Category Archives: Clackamas County

Around the County — 7/22/17

Rep. Parrish Nixes In-District Meeting on Her Scheme to Drop-Kick Oregon Medicaid

By Peter Toll

West Linn Republican State Rep. Julie Parrish wants to reduce taxes on Oregon’s wealthiest by dropping some 350,000 from the state’s Medicaid rolls. She’s trying to get it on the ballot. Sounds like an Oregon version of the cruel Trump-McConnell-Ryan scheme in Congress.

Our Oregon, a coalition of public employee union members, has called a meeting August 1 in West Linn to give Rep. Parrish a chance to explain herself and, in the process, perhaps listen to what her constituents might say about the matter.

Though Ms. Parrish is usually an unafraid bulldog in front of hostile groups, she has withdrawn her agreement to attend this affair. Undeterred, Our Oregon and the Oregon Nurses Association are going ahead with their “Protect Healthcare Town Hall.” Continue reading

Clackamas Asks Legislature to Join “Treat vs. Jail” Drug Addict Programs

Should Oregonians consider drug-addicted people as being ill or being criminals? Should they be treated or jailed?

These questions become all the more meaningful in the national opioid crisis currently killing thousands of Americans every month. Is it more humane for the addict and cheaper for society if treatment is implemented?

Clackamas County commissioners said “yes” to the above in testifying before the Oregon Legislature on several bills embracing that path and asking that the law be expanded to include Clackamas. Overall, the results in neighboring Washington and Multnomah counties have been considered positive. Continue reading

HD 38’s Ann Lininger Resigns after Being Named to Bench

Ann Lininger

Candidates for appointment to the House District 38 representative position in the Oregon Legislature will be interviewed soon, as Rep. Ann Lininger, D-Lake Oswego, has been named to the Clackamas County Circuit Court bench by Governor Kate Brown. Rep. Lininger, a former Clackamas County commissioner, was appointed to the House in 2014 when then Representative Chris Garrett was named to a judgeship in the Oregon Court of Appeals.

Selecting someone to fill the balance of her term (through December, 2018) will be done by county commissioners based on the number of voters in the district. Commissioners will be limited to a list of three to five nominees put forth by the Precinct Committee People in HD 38 and ratified by the Clackamas County Democratic Central Committee. A public meeting will be set for the PCPs to meet the aspirants. Continue reading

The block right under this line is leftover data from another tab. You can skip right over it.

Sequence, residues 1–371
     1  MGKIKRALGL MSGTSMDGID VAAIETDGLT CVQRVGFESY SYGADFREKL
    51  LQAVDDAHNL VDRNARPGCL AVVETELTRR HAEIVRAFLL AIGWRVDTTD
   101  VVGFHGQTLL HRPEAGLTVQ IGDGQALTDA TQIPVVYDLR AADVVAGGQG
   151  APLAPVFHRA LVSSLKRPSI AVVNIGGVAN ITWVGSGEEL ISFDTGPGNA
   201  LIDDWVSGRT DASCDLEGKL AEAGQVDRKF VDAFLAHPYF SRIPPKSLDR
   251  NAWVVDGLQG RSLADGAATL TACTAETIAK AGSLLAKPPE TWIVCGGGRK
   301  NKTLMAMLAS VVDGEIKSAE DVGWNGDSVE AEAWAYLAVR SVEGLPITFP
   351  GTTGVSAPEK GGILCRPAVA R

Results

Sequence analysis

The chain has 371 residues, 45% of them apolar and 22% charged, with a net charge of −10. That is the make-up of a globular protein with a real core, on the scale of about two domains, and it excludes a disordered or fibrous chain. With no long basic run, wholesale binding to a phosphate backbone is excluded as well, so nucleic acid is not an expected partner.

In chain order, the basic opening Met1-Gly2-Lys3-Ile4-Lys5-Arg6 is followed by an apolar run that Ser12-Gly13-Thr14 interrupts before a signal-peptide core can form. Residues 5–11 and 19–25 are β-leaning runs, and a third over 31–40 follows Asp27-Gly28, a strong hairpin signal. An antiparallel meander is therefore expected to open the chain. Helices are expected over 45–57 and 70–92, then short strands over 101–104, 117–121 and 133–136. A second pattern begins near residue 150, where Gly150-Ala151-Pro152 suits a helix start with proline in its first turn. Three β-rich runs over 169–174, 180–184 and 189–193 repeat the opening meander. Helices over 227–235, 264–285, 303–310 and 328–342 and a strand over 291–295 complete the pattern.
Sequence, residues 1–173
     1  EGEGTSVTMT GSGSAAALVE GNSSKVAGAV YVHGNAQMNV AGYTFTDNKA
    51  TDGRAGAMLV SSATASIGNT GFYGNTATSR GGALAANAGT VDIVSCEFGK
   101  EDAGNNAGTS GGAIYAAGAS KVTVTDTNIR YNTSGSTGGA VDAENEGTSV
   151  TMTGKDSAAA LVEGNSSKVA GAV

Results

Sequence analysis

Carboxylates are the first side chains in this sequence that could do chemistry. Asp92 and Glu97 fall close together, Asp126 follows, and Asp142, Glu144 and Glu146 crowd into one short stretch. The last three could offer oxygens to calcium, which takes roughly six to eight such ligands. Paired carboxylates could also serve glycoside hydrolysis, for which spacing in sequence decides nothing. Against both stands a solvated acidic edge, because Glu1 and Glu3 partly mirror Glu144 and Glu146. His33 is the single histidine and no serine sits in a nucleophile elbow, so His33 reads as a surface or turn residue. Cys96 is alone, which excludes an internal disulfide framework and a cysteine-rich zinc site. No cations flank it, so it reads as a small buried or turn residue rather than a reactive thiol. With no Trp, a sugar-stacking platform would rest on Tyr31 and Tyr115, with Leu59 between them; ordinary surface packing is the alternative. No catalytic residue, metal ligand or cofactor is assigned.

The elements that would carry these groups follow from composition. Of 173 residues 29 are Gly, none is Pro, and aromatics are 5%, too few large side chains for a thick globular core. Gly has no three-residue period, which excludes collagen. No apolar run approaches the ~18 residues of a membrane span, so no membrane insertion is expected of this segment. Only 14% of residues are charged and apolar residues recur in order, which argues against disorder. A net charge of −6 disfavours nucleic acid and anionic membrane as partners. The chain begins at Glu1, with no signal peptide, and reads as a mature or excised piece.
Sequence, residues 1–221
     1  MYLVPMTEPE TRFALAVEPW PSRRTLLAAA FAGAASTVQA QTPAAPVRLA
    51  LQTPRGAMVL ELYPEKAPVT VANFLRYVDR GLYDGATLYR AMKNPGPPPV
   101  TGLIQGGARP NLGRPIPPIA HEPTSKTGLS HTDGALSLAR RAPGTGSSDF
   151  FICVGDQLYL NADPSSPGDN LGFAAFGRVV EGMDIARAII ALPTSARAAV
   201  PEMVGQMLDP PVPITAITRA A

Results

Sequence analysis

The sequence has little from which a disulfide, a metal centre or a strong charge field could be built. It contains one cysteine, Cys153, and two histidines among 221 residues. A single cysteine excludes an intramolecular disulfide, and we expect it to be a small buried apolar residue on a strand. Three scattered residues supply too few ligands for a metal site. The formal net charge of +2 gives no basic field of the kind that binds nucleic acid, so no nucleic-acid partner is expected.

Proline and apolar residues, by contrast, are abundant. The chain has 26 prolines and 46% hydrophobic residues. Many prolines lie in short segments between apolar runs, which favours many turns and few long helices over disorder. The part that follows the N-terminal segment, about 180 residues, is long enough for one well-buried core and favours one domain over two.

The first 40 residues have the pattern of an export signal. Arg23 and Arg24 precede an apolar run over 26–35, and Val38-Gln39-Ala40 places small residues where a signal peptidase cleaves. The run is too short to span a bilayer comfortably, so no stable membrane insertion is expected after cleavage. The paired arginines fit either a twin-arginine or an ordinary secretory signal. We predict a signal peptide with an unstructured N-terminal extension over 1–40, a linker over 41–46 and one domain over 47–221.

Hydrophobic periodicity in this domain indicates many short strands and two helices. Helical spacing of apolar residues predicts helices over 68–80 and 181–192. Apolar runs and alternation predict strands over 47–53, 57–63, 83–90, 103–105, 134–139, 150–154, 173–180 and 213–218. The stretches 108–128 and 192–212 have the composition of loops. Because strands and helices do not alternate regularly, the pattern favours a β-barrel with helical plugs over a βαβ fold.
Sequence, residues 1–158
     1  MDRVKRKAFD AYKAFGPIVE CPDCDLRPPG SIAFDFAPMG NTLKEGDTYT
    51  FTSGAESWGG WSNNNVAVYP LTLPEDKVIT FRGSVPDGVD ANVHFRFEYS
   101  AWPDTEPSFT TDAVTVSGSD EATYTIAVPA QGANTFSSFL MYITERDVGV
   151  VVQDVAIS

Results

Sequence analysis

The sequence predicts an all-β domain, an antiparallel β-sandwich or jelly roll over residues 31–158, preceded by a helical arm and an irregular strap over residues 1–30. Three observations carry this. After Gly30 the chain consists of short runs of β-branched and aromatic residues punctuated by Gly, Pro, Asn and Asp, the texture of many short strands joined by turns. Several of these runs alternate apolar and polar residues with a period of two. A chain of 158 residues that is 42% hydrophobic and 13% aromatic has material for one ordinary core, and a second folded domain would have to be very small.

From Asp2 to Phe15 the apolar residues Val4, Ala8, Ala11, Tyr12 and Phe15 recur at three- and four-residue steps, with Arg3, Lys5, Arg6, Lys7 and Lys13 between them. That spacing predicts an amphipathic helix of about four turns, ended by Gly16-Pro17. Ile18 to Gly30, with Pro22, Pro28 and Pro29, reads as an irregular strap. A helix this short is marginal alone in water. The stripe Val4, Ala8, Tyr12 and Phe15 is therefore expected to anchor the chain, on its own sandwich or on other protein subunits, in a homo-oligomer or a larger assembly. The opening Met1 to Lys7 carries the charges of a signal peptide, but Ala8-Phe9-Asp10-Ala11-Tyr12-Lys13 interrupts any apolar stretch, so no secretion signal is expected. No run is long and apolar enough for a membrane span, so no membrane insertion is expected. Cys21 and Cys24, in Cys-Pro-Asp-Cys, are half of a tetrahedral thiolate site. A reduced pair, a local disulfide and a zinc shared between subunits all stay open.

Clackamas Projects Omitted in Major Legislation as Transportation Package Gets Fast Green Light

Though seriously lacking in projects for Clackamas County, passage of a $3.8 billion transportation package in the Legislature July 6 should be considered a coup for Governor Kate Brown and Democratic leadership.

HB 2017, which originally contained $5.1 billion in projects, passed the House 39-20 with 36 required in the 60-member House due to the so-called three-fifths rule on revenue (tax) measures. Continue reading

Announcing the Jill Thorn Grant

Jill Thorn

The Jill Thorn Grant is awarded by the Democratic Party of Clackamas County (DPCC) to a woman Democrat who is preparing to run for public office for the first time. The recipient may use the $500 award at her discretion for training, preparation for a campaign, or any other campaign-related expenses.

This award commemorates the legacy of Jill Thorn‘s public service and the example her life provides to other women seeking to serve the community by serving in public office. Continue reading

INSIDE COUNTY POLITICS: Clackamas Could Create the Decider

By Peter Toll

This year’s legislature is still in hand-to-hand combat, politically speaking, as legislators jostle and flay to pass their favorite bills before July 6 adjournment while also positioning themselves for next year’s elections.

Lacking the three-fifths majority required to pass tax bills, House Republicans are holding hostage our schools, our roads, and our ability to invest in our future. The 60-member House needs one more Democratic vote to reach the three-fifths requirement to raise the revenues required to fund infrastructure improvements, improve education, fund single payer health care, and fulfill our obligation to retirees. When Republicans were in control a few years ago they were thinking of moments just like this when they dropped the traditional majority rules rule – except for tax bills.

True to form, House Republicans are voting (or not) as a bloc to exacerbate Oregon’s fiscal problems by refusing to modernize an outdated tax system that favors big business. Just one more vote is needed. Continue reading